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Oxytocin Drives Monogamy In Relationships, Study Finds

Update Date: Nov 26, 2013 11:25 AM EST

Pray that your partner is never short of the oxytocin hormone. The oxytocin hormone that is released in the brain is responsible for a renewed attraction for the faces of the romantic partner a study finds.

If spritzed with oxytocin, partners will find less drawn to attractive strangers.

According to the study, brains were also hyped up in the areas that were related with motivation rewards.

“Monogamy is actually quite costly for humans, so there must be some form of benefit,” said Rene Hurlemann to LA Times, a psychiatrist at the University of Bonn in Germany who also led the study. “We’d expect humans, especially males, would disseminate their genes. That would be a very strong evolutionary force driving male behavior. But what drives males to stay in a monogamous relationship?”

The reason of such behavior might lie in the diet of oxytocin that triggers dopamine dopamine. The neurotransmitter is associated with addiction, reward and motivation, the study found.

As a part of the study, 20 men were considered and they were required to fill out a Passionate Love Scale questionnaire. They were shown various images which included an image of their partners. Images of the familiar partner evoked a higher signal in the nucleus accumbens, long associated with reward, and the ventral tegmental area, an important dopamine engine that drives motivation, reported LA Times. The response for the image of the partner was the strongest than any other.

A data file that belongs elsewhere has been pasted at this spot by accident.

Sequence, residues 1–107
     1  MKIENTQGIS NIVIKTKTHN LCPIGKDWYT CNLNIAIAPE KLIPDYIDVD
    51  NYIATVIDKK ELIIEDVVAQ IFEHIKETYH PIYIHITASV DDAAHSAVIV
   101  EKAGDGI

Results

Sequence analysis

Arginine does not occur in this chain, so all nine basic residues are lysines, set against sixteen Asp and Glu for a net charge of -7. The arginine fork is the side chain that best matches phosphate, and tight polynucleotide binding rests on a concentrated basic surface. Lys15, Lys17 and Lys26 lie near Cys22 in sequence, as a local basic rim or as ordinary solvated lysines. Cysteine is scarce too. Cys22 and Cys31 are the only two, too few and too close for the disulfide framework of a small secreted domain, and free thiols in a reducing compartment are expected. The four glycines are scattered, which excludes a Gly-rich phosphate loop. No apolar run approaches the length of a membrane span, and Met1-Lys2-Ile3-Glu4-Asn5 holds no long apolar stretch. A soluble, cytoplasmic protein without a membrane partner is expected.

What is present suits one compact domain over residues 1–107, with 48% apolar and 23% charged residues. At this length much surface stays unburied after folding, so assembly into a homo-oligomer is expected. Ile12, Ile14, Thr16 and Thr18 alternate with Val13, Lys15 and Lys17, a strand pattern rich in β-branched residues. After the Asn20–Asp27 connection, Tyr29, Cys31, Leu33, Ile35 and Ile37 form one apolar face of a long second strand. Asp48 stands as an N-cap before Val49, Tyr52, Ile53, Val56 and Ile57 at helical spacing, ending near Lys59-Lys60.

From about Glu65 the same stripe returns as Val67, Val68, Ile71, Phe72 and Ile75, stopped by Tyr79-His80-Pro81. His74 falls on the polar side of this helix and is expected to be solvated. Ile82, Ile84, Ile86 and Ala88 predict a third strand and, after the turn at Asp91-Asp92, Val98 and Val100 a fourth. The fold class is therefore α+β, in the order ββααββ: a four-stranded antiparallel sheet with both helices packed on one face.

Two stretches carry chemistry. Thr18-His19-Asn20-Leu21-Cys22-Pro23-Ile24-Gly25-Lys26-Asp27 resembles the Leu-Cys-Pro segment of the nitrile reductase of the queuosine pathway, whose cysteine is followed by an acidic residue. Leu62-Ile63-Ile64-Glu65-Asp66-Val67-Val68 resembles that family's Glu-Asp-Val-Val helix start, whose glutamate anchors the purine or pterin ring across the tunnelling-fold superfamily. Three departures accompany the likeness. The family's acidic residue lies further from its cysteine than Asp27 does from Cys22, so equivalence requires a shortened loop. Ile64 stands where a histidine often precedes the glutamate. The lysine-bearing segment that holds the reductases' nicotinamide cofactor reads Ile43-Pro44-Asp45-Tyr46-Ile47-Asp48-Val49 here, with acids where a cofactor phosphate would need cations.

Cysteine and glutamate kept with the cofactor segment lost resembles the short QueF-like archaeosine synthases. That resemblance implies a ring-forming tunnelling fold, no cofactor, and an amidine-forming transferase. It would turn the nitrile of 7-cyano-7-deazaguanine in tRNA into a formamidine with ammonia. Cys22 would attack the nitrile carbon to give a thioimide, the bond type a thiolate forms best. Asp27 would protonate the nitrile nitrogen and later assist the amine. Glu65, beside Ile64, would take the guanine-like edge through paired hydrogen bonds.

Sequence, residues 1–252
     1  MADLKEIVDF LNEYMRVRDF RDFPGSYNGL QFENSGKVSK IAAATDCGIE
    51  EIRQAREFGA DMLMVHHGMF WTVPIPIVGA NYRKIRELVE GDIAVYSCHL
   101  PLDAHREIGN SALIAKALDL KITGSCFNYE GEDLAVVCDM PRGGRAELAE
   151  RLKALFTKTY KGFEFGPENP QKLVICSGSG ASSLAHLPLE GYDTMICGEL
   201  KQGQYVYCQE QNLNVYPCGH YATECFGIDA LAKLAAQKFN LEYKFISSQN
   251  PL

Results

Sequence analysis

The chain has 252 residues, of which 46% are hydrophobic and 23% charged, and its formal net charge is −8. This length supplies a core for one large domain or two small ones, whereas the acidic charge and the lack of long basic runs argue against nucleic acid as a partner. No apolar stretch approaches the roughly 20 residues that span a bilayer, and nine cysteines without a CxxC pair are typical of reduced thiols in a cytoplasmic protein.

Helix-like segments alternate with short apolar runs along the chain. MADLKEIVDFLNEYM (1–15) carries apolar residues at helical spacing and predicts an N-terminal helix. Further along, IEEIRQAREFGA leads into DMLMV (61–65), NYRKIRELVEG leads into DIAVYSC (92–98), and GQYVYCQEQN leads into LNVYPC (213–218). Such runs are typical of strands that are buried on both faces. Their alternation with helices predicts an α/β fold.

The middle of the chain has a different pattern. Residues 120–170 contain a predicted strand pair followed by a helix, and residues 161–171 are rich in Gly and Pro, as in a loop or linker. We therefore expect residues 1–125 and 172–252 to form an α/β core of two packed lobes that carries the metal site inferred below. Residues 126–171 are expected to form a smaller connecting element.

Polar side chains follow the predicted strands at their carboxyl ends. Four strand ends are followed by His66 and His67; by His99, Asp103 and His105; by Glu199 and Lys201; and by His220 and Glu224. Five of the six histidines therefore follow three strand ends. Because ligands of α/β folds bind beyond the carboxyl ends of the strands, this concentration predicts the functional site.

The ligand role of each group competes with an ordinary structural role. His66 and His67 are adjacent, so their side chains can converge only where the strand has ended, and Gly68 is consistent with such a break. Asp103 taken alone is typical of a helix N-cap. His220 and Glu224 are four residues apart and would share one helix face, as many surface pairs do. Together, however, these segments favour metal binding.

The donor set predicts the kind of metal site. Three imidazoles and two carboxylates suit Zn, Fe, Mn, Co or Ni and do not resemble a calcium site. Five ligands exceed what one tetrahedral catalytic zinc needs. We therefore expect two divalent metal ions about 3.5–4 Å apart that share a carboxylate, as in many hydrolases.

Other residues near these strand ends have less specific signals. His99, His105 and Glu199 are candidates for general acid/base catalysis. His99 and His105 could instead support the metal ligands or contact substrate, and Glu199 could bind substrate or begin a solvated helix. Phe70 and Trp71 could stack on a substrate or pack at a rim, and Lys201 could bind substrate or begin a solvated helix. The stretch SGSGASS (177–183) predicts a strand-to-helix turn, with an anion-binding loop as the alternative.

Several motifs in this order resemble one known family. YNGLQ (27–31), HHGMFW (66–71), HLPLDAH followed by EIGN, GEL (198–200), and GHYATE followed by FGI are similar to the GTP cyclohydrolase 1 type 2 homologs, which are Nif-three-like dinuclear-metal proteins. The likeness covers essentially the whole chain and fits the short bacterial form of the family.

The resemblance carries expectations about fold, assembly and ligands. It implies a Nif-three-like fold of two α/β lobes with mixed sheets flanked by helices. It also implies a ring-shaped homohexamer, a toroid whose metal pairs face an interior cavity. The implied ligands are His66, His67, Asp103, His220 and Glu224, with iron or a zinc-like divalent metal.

Statistically only 3 to 5 per cent of mammals form a strong pair bondings. In humans activities like hugs, massages, and sexual intercourse release oxytocin. Hence with such activities interest of the partner can be retained.

“We believe we found a mechanism that could explain why it is beneficial for males to stay in a romantic relationship,” added Hurlemann.

The study is published online in the journal of Proceedings of the National Academy of Sciences.

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